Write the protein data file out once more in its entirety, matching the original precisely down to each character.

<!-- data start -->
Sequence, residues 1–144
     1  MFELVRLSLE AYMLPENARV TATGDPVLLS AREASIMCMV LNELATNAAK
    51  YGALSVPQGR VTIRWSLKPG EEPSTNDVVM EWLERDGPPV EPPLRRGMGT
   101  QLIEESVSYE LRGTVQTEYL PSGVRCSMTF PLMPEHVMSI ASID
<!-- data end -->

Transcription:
Sequence, residues 1–144
     1  MFELVRLSLE AYMLPENARV TATGDPVLLS AREASIMCMV LNELATNAAK
    51  YGALSVPQGR VTIRWSLKPG EEPSTNDVVM EWLERDGPPV EPPLRRGMGT
   101  QLIEESVSYE LRGTVQTEYL PSGVRCSMTF PLMPEHVMSI ASID